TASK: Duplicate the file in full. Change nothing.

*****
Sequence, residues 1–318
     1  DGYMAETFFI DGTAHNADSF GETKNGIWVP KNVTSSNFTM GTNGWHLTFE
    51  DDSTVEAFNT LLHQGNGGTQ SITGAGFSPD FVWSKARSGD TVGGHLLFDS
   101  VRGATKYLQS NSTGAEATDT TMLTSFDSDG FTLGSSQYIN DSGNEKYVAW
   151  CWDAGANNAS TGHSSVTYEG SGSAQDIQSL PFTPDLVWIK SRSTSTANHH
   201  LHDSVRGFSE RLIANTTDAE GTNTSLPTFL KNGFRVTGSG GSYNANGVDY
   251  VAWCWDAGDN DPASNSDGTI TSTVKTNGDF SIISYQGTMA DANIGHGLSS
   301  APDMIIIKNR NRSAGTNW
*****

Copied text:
Sequence, residues 1–318
     1  DGYMAETFFI DGTAHNADSF GETKNGIWVP KNVTSSNFTM GTNGWHLTFE
    51  DDSTVEAFNT LLHQGNGGTQ SITGAGFSPD FVWSKARSGD TVGGHLLFDS
   101  VRGATKYLQS NSTGAEATDT TMLTSFDSDG FTLGSSQYIN DSGNEKYVAW
   151  CWDAGANNAS TGHSSVTYEG SGSAQDIQSL PFTPDLVWIK SRSTSTANHH
   201  LHDSVRGFSE RLIANTTDAE GTNTSLPTFL KNGFRVTGSG GSYNANGVDY
   251  VAWCWDAGDN DPASNSDGTI TSTVKTNGDF SIISYQGTMA DANIGHGLSS
   301  APDMIIIKNR NRSAGTNW